I have a long list of research topics derived from my own investigations, as well as comments and ideas suggested by my supervisors.  One of the broad topics that I have been working on for some time is positioning myself in contemporary art practice.  This sounds easy and enjoyable, but it has been causing me some consternation as I find it difficult to understand what exactly this means.

I have spent a great deal of time looking at other artists’ work including writers, filmmakers, sound artists, photographers and other visual artists and attend a number of presentations from current practising artists.   Although I can identify artists that consider philosophical issues in their photography (Patterson and Tal), photographers whose work reflects the powers of the camera to glimpse the world of reality as I describe it (Bartocha, van der Molen and Gersht) and some who inspire me from a technical perspective (Godwin, Brandt and McCullin), none of them explore photography in the way I am trying to do.  This leads me to a question:  if research is about discovery, in my case through practice, in what sense does locating myself in contemporary practice further that aim?

As readers of this Journal will know, I see my work as realising a philosophical principle through my photography in whatever genre I happen to be engaged.  I believe that if I achieve what I seek to do then it will be helpful not only to me but also to others.  My work is based on the idea from Kant, Heidegger, Latour, Bryant, Derrida, Harman and many others that there is a world of reality which lies behind that of representation.  This world, that is withdrawn from us also emerges when we do not look.  We can only catch a glimpse of that world – hence my use of the term ‘ephemeral’ not as a signifier of the world of reality but rather of our perception of it.

How does the camera help in this?  As Kant proposed we come to know about things through the use of two innate constructs of the mind: our understanding of space and of time.  We need these to make sense of the world and in this I believe that the still camera has a particular ontological status. It is the first human instrument which is able to take a presentation (as opposed to a representation) of the world and freeze it in a moment in time.  It is also a reductive instrument in that it removes a spatial dimension, and also allows us to remove other sensory inputs (colour, clarity, etc.) which, I would argue, makes it different from other means of visual representation, both in degree and in kind.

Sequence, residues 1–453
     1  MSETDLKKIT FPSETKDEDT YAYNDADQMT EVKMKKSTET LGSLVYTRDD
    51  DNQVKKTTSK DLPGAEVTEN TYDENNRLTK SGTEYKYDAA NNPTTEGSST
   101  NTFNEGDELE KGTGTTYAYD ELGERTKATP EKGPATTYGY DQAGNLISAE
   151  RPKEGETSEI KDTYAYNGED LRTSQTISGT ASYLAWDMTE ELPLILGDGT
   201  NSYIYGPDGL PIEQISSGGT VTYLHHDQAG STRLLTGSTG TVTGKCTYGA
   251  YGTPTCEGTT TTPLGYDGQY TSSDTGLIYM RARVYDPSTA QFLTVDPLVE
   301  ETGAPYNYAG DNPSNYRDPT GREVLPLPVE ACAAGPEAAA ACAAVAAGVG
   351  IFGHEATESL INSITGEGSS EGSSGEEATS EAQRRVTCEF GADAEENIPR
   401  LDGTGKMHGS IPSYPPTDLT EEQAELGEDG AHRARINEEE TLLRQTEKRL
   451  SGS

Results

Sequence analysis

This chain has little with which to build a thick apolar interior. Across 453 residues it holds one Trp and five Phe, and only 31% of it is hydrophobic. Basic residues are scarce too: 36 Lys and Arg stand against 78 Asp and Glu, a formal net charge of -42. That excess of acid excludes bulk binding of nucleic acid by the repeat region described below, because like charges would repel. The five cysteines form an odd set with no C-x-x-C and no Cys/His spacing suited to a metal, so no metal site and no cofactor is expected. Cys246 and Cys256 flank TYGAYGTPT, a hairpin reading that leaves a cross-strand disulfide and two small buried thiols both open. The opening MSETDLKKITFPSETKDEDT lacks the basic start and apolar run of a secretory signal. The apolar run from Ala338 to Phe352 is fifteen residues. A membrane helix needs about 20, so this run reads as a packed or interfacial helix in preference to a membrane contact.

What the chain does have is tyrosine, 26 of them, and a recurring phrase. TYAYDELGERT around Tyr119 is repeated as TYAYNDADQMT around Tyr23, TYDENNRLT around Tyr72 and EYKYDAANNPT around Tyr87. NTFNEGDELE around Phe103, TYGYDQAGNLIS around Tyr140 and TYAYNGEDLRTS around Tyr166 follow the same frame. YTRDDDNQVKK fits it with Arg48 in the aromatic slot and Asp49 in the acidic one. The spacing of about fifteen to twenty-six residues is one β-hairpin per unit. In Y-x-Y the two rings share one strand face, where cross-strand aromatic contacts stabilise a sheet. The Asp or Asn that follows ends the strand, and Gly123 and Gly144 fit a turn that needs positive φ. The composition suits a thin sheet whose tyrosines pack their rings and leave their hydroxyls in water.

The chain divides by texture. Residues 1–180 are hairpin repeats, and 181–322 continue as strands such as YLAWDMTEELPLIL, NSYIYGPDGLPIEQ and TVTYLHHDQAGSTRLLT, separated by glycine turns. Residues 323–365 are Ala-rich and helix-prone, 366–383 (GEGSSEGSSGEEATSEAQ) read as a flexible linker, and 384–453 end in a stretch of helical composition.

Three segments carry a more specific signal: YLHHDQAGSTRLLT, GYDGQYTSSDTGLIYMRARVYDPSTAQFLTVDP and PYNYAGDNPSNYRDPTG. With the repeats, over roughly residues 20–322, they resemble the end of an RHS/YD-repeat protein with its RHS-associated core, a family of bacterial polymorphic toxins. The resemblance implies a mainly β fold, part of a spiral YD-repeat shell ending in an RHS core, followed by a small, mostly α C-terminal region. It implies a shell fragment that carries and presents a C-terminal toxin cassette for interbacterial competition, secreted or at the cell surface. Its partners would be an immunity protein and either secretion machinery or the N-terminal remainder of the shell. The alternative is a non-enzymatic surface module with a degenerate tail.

After discussing these concerns and questions with my supervisor I understand the value of developing my knowledge across the breadth of contemporary art practice at this stage.  I recognise that I should research widely and then gradually reduce down to those that I believe can inform my academic research and practice in a more significant way.  I am enjoying doing this and I am finding myself increasingly more able to identify aspects of other artists’ work that will inform, develop or inspire my own practice and the presentation of that practice.

Our conversation also touched on collaborations and the pros and cons of working with other skilled people to deliver or enhance my work.  I had been considering possible collaborations with filmmakers, sound artists and creative writers.  At this stage it is for me to reflect more on the opportunities of a collaborative approach and what it might contribute to the development and presentation of my work.

Alison Price

Alison Price

My name is Alison Price and for the past ten years I have travelled the world photographing wildlife, including Alaska, Antarctica, Borneo, Botswana, the Canadian Arctic, Kenya, Rwanda, South Africa, Zambia and Zimbabwe.
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